Smog rating: A one-to-ten rating based on exhaust emissions that contribute to air pollution.
Fuel Costs: An estimate of how much more (or less) the vehicle will cost to fuel over five years relative to the average new vehicle, as well as its estimated annual fuel cost.
Website URL: The website, www.fueleconomy.gov, provides additional information and tools that allow consumers to compare different vehicles.
Smartphone interactive tool: A symbol (also known as a QR Code®) that smartphones can read to reach a website that will provide additional and customizable information about the vehicle. (To view the labels and for more information on the labels for advanced technology vehicles, visit www.epa.gov/otaq/cert/mpg/data.htm)
1. E85 is 85% ethanol and 15% gasoline. Find E85 stations near you.
2. EPA estimated MPG 15 city/21 hwy. with the 5.3L V8 engine. Based on 2011 GM Large Pickup Segment.
3. EPA est. MPG (2WD/4WD) 20 city/ 23 hwy.
4. EPA est. MPG (2WD/4WD) 20 city/ 23 hwy. Based on 2011 GM Large Pickup segment.
5. EPA estimated MPG 15 city/21 hwy. Based on 2011 GM Large SUV Segment.
6. EPA est. MPG 20 city/23 hwy. Based on 2011 GM Large Utility Segment.
7. Based on new EPA estimates.
8. EPA estimated MPG (2WD) 32 hwy. Based on 2011 GM Compact SUV-Crossover segment.
9. Up to 600 miles. Based on 2011 GM Compact SUV-Crossover segment.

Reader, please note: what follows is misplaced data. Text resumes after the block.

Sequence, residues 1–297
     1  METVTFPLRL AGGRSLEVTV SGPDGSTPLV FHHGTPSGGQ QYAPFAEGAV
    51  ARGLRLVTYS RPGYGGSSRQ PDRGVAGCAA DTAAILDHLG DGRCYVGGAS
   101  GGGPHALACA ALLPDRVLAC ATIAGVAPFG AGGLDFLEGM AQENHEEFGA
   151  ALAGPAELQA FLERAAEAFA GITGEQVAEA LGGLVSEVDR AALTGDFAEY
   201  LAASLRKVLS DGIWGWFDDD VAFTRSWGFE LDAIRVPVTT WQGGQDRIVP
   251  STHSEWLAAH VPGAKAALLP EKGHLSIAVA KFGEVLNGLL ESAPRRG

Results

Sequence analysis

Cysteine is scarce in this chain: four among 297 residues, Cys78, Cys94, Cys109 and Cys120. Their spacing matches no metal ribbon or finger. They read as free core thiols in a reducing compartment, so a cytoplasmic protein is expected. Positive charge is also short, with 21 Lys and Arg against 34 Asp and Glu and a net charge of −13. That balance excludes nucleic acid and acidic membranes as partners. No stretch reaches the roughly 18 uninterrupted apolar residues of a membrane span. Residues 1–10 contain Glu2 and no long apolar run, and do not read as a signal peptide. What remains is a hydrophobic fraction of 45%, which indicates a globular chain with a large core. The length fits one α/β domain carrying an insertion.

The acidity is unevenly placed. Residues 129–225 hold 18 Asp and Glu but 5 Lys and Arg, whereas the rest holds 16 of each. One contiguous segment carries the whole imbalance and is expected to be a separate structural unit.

10. Sierra 1500 with 5.3L V8 engine EPA est. MPG (2WD) 15 city/21 highway; (4WD) 13 city/18 hwy. Sierra 1500 with 6.2L V8 engine EPA est. MPG (2WD) 13 city/18 highway; (AWD) 12 city/18 highway. Sierra Hybrid with 6.2L V8 engine EPA est. MPG (2WD) 20 city/23 highway; (4WD) 20 city/23 hwy. Yukon and Yukon XL models with 5.3L V8 engine EPA est. MPG (2WD) 15 city/21 highway; (4WD) 15 city/21 highway. Yukon Hybrid & Yukon Denali Hybrid models with 6.0L V8 engine EPA est. MPG (2WD) 20 city/23 highway; (4WD) 20 city/23 highway. Yukon Denali and Yukon Denali Hybrid models with 6.2L V8 engine EPA est. MPG 14 city/18 highway; (AWD) 13 city/18 highway.
11. Based on the 2011 GM Large Pickup segment. EPA est. hwy.: Sierra XFE 22 MPG/Sierra Hybrid 23 MPG, Tundra 20 MPG, F-150 21 MPG, Ram 20 MPG.
12. Yukon Hybrid 2WD with EPA estimated MPG 20 city/23 highway. Sierra Hybrid 2WD with EPA estimated MPG 20 city/23 highway.
13. Maximum payload capacity includes weight of driver, passengers, optional equipment and cargo and 6,100 lbs of trailering capacity. (Maximum trailer weight ratings are calculated assuming a base vehicle, except for any options necessary to achieve the rating, passengers and cargo will reduce the maximum trailer weight your vehicle can tow. See your GMC dealer for details).
14. EPA est. MPG 20 city Sierra Hybrid; 13 city Ram 4WD; 13 city Tundra 4WD and up to 66% more fuel efficient in the city than the Ford F-150.
15. EPA est. MPG (2WD/4WD) 20 city/ 23 hwy.
16. EPA est. MPG 20 city/23 hwy. Based on 2011 GM Large Utility Segment.
17. EPA est. MPG 20 city. Based on 2011 GM Large Utility Segment.
18. EPA est. MPG Yukon 20 city, Toyota Sienna 19 City (4 cyl) & 18 City (6 cyl)
19. EPA est. MPG 20 15 city vs city.
20. EPA est. MPG 20 city/23 hwy 2WD. Based on 2011 GM Large Utility Segment.